Strengths: Anti-toll stance plays well to the crowd
Weaknesses: No stats available, no league support
A Texas Army National Guard officer, Weiss takes several standard Austin political positions: protection of small, family- and minority-owned businesses; environmental protections; and supporting green technologies, like switching to energy-efficient LED lightbulbs (which Kim recently sponsored at council). He also speaks to the need of ramping up public safety responders, especially firefighters, to meet a growing Downtown's needs and opposing "toll roads that use existing, tax-paid roadways." While lacking any sort of institutional support from the Austin politi-gentia, Weiss doesn't look like he's running on a lark – although some of his proposals may have trouble picking up steam. "The citizens of Austin don't want or need another politician to run Austin," Weiss says on his website. "What they need is someone with great business sense and the proven leadership skills that I have shown."
Trevor "No Hitter" Titman
No stats available: Retired on bench
A self-described 21-year-old college dropout and video game enthusiast, Titman didn't make the March 10 filing deadline, sending him and his plans to keep Sixth Street bars open past 2am back to the farm leagues.
AT BAT: PLACE 4
Robin "Springs" Cravey
Team: Slacktown Salamanders
Position: Left field
Strengths: Batting 1.000 environmentally
Weaknesses: Seen in some quarters as a throwback player
With his trademark chinstrap beard, cowboy hat, and ubiquitous bow-tie, Cravey is visibly unmistakable. An attorney by trade, Cravey's been involved in Austin politics for some time – for instance, he was a council aide to Max Nofziger back in 1995, then later to Daryl Slusher. In that tradition, Cravey's candidacy is the most direct descendent of the Save Our Springs-era Green Council of the late Eighties and early Nineties. His environmental concerns are paramount; he currently serves as the founding president of the Friends of Barton Springs Pool. "We have to keep Austin green," Cravey says. "We have to protect our water quality lands to the west, protect our farmland to the east, and make this city function in harmony with the environment."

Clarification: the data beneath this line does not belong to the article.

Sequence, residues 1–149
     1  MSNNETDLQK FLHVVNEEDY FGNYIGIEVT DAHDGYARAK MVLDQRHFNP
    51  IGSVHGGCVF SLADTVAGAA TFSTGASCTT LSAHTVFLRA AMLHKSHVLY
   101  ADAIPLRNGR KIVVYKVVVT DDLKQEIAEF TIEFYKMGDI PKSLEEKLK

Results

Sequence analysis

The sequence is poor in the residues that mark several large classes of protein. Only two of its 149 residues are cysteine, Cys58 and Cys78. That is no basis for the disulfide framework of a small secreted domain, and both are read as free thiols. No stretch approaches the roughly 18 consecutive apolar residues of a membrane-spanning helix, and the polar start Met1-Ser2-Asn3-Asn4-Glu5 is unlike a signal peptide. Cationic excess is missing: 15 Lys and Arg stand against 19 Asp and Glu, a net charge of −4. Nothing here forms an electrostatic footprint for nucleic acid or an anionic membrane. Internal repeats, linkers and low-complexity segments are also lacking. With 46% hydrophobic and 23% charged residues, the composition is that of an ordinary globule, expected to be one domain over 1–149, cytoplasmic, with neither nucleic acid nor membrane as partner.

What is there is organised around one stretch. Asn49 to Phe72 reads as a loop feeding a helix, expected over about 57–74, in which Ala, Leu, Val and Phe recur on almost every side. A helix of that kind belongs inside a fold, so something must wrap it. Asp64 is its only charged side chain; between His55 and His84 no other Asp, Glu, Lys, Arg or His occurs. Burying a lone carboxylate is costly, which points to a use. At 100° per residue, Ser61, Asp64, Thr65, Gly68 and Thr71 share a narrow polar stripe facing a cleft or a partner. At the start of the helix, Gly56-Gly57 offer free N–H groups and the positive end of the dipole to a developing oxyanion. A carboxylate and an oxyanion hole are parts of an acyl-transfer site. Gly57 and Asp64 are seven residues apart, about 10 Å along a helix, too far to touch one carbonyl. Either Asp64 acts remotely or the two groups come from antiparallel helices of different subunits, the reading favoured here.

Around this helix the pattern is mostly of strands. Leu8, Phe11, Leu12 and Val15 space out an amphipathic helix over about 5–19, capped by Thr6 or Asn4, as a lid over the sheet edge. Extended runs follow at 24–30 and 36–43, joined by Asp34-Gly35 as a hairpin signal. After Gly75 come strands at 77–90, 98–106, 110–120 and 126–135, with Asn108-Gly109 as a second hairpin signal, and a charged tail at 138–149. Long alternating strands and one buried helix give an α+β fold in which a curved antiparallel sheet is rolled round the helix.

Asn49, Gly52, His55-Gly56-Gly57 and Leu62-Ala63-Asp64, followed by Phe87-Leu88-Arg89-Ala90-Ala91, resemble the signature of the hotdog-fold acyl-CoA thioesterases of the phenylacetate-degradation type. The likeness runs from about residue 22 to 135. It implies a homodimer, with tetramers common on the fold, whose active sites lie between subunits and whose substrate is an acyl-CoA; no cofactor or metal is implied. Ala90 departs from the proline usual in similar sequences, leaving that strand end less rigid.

Cravey also trumpets housing affordability, mass-transit, and pedestrian/people-powered transportation in his holistic vision for Austin's future: "I think it's really important we have a vision for where we want to take the city over the next 20 years or so and we carry through on the vision." He's also unafraid to draw distinctions among his fellow Place 4 contenders. Of a recent candidate forum, he said, "I've got more experience than any of the other people on the stage [in Place 4] and maybe deeper and broader experience than all of them [in the City Council race]."
Cid "the Commissioner" Galindo
Team: Downtown Titans
Position: Center field
Strengths: Well-rounded player; government, business experience
Weaknesses: Double player for Downtown development league?
Out of the blue, in January Galindo received the endorsement of the combined public safety civil service unions (Police, Fire, and EMS). The unions have a rep – fair or not – as a potential conduit for deep-pocketed Downtown campaign dollars, so the announcement raised some concerns that Galindo – who parlayed business and management into success developing kids' educational materials, then into a string of Downtown patronage positions (director of the Downtown Austin Alliance, president of the Downtown Austin Neighborhood Association) – is the presumptive "business" candidate. But that view neglects Galindo's broader involvement in urban planning: positions with Envision Central Texas, the Planning Commission, the Central Texas chapter of the Congress for the New Urbanism, and Downtown social service nonprofit Caritas of Austin.
"We're very, very pleased with the success the campaign has been having," Galindo says, calling the unions' endorsement "a great early victory." He says his inclusive style won the endorsement: "Both of my opponents [Cravey and Laura Morrison] come from an activist, single-issue-type background – that's their approach to solving political or community problems. That's not my background. I'm more of a generalist. I come from the background of an appointed official that's been on the planning commission, that's understood that you have to find compromises to move forward. I think our styles will be very different in terms of how we approach issues, because of our backgrounds and our political experience."